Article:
Supply chain technology vendors GT Nexus, TradeCard merge to form unique end-to-end offering.
By Eric Johnson
Back before the dot-com bubble burst, the global private equity firm Warburg Pincus invested in two start-up technology companies that a decade later would come to shape the way global trade is managed and financed.
Those two companies, in a way, came full circle in early January, when the software-as-a-service supply chain vendors GT Nexus and TradeCard announced a merger agreement.
Though Warburg Pincus has since divested itself of its stake in GT Nexus, it still is the majority owner of TradeCard, by all accounts the leading trade finance platform. That the embryonic stages of the two companies coincided is but one link. The other is that both emerged as cloud-based leaders in their respective supply chain categories.
The merger pairs two companies with somewhat similar product offerings, but distinctly different strengths. Oakland-based GT Nexus’ strength lies in visibility and logistics spend management, while New York-based TradeCard’s strengths are in order-to-cash and procure-to-pay cycles.
Both companies provide some products in the other’s area of strength, but the merger could allow both to leverage the power of expanded networks, not to mention overhead, and investment resources.
TradeCard Chief Executive Officer Sean Feeney will be CEO of the merged company, which will be based in Oakland, while GT Nexus CEO Aaron Sasson will become chairman. TradeCard founder Kurt Cavano will be vice chairman. Specifics about the company name and leadership structure will be announced when the transaction is finalized, the companies said.
Analysts lauded the merger, saying it will create a compelling offering — two like-minded companies with cloud-based architecture focused on networks that amplify growth. But beyond those paeans to connectedness, the joining of GT Nexus’ capabilities with those of TradeCard could indeed be unique.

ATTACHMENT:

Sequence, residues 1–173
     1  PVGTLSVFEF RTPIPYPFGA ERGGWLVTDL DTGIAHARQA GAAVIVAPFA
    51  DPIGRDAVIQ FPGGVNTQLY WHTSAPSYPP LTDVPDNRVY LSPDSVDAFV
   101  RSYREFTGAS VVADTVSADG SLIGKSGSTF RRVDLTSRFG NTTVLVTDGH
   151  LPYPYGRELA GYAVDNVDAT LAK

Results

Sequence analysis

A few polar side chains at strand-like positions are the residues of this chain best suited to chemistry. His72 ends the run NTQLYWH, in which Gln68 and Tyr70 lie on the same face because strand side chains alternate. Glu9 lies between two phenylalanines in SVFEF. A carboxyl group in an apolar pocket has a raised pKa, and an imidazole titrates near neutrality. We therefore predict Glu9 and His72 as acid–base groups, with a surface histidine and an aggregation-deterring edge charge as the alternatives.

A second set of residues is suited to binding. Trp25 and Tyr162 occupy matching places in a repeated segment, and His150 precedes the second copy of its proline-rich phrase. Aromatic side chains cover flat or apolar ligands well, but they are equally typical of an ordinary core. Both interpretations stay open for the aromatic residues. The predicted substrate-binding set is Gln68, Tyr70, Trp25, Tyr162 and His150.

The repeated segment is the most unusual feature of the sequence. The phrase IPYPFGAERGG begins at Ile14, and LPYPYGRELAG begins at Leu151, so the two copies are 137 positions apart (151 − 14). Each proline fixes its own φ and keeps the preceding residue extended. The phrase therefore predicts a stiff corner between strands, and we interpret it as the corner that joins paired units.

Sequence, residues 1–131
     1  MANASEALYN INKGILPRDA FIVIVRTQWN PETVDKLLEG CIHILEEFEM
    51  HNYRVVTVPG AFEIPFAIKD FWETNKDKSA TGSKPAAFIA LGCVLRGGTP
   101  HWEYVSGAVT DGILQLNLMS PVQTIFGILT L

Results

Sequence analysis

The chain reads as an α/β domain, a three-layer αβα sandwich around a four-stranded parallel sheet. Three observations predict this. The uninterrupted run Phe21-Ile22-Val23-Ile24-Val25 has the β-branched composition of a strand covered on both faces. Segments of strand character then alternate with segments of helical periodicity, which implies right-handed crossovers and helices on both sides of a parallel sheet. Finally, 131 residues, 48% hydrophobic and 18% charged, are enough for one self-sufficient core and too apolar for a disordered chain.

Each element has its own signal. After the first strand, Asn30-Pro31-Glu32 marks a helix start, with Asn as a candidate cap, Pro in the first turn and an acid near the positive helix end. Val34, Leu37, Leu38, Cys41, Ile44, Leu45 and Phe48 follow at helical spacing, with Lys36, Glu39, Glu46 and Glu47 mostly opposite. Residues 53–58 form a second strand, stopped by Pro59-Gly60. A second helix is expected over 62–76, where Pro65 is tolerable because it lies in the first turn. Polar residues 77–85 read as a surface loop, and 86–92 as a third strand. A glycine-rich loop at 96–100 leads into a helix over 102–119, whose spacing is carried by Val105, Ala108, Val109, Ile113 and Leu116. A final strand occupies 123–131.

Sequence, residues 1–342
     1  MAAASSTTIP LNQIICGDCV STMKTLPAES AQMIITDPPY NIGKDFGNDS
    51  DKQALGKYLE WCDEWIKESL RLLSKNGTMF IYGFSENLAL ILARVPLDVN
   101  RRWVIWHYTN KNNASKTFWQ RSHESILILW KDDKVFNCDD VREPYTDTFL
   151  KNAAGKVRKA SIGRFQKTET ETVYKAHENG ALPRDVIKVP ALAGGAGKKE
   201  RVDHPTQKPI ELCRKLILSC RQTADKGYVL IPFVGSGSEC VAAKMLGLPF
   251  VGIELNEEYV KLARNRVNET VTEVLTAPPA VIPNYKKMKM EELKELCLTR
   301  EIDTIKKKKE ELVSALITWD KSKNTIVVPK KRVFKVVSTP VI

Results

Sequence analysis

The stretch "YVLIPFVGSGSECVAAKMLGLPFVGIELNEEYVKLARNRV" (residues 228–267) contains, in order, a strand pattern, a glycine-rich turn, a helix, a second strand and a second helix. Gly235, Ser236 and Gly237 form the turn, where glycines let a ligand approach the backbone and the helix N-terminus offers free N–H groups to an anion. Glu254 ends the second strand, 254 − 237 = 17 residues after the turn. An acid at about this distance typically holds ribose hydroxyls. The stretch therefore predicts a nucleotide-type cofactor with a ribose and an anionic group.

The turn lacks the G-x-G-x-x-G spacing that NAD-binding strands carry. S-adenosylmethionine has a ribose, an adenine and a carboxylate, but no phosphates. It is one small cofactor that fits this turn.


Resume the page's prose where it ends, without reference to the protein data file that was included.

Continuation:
“Think of the scope of all the things you can electronically integrate in one place,” said Ed Sands, global practice leader of logistics at Procurian. “Packing list, commercial invoice, purchase order, 10+2, in-transit events. Carton-level tracking. Receipt at destination. Number of units received versus number of units shipped. Placement of purchase order through finance, (letter of credit) path, (distribution center) receipt, settlement to the carrier, settlement to the buyer, receipt of goods. All that’s in one place. That makes them a much more compelling story as a provider.”
Indeed, Sands struggled to come up with another provider that would be able to link the strengths of TradeCard on the buyer-seller side with those of GT Nexus on the buyer-carrier side, outside of a licensed on-premise vendor like Oracle, or multiple point solutions.
“Now you have a complete buyer-seller, logistics supply chain end-to-end platform,” he said.
In conversations with the two companies, it was clear that both saw a merger as the next evolution for their growing businesses. Both dabbled in the service areas of their counterpart. In GT Nexus’ case, the Oakland-based company introduced trade finance applications as far back as 2007, but found it difficult to grow that side of the business as quickly as its supply chain visibility business.